Two new surprisingly esoteric venues have just joined SoHo’s burgeoning beauty scene. At the optimistically monikered Life Is Beautiful spa (177 Prince Street), owner Larry Costa is a big fan of emu oil – taken, it seems, from the Australian bird – which he slathers over clients before wrapping them in Mylar ($220 for a two-hour treatment). For the less adventurous, there are also great scrubs and massages (both $75). On June 15, dermatologist Laurie Polis will open her Mezzanine Spa in the SoHo Integrative Health medical facility at 62 Crosby Street, where you can enjoy a range of services, including a Chinese herbal facial and an exfoliation in which you are wrapped in banana leaves while oil drips onto your forehead and the wax is removed from your ears with the aid of a hot candle. Well, we’ll try anything once.
Feel the Knead
While the crowds labor through their crunches in the Reebok Sports Club, more enterprising souls are attempting to deflate their middles – without a drop of sweat – at the club’s Paul La-Brecque Spa. The spa has just introduced a half-hour tummy-flattening session, which uses lymphatic-drainage massage and aromatherapy to stimulate the midsection and rid the stomach of excess fluid. “The massage tones the tummy, plus it’s good for the internal organs,” says spa director Regina Viotto. But don’t throw out your Abs of Steel tape just yet: You’d need to get the rubdown twice a week for the next six weeks in order to be beachworthy by mid-July ($65; 160 Columbus Avenue).
This season’s wild palette of shoe colors has kicked off a wave of nail neutrals for toes – after all, no one wants her polish to upstage her green fish-skin Jimmy Choos. “Neutral polish always looks classic and well-groomed,” points out shoe impresario Warren Edwards. “Not since the seventies have I had so many requests for neutral pedicures,” reports Mariana Diaconescu of the Pierre Michel salon. “Customers are very concerned about clashing with their shoes.” Or try these shades at home: M.A.C’s subdued coral Gidget, Chanel’s new Pêche Buff (below, B, Jimmy Choo), Estée Lauder High Gloss in White Petal (below, A, Warren Edwards), and Frédéric Fekkai’s barely there Stonewash.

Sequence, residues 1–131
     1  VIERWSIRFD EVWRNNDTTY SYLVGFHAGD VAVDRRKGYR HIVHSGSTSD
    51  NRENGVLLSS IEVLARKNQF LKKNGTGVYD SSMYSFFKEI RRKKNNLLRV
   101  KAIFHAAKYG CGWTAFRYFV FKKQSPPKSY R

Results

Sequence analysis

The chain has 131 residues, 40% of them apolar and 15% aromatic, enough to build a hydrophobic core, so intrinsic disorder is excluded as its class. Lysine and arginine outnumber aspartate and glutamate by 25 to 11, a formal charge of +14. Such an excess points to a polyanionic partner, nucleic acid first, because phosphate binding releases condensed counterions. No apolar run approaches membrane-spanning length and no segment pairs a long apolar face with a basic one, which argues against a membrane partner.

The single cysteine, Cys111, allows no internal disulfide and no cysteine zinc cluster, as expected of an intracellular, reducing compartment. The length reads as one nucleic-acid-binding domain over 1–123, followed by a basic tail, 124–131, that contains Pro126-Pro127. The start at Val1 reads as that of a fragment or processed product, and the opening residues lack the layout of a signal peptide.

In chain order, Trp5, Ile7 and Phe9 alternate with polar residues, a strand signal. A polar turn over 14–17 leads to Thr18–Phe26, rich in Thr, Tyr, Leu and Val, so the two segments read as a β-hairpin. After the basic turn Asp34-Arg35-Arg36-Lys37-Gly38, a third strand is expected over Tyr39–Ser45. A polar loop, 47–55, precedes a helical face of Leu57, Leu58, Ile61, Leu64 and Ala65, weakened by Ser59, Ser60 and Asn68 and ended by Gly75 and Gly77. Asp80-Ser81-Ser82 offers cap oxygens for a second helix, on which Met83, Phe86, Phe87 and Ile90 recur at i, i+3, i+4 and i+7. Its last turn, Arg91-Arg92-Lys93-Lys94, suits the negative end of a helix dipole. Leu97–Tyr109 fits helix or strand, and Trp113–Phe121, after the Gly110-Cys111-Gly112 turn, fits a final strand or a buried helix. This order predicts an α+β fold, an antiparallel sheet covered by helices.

Pretty soon, your cosmetics bag may pack more caffeine than your local Starbucks. Hard Candy’s new coffee-flavored and caffeine-laden lipsticks offer an oral perk. Clinique’s All About Eyes mixes in caffeine for its de-puffing abilities, while Juvena’s Slim You Perfect anti-cellulite gel-cream and Bliss Spa’s Lower Body Blaster use it in the hopes of slimming the rest of you. At the new Skin Care Options store (at 230 Mulberry Street), caffeine can be infused into any of seventeen face and body potions. But does this jumpy stuff actually do anything? “It constricts pores for a couple of hours,” confirms New York dermatologist Michele S. Green – but it won’t necessarily squeeze you into your bikini. “If it did,” Green says, “I’d be bathing in it.”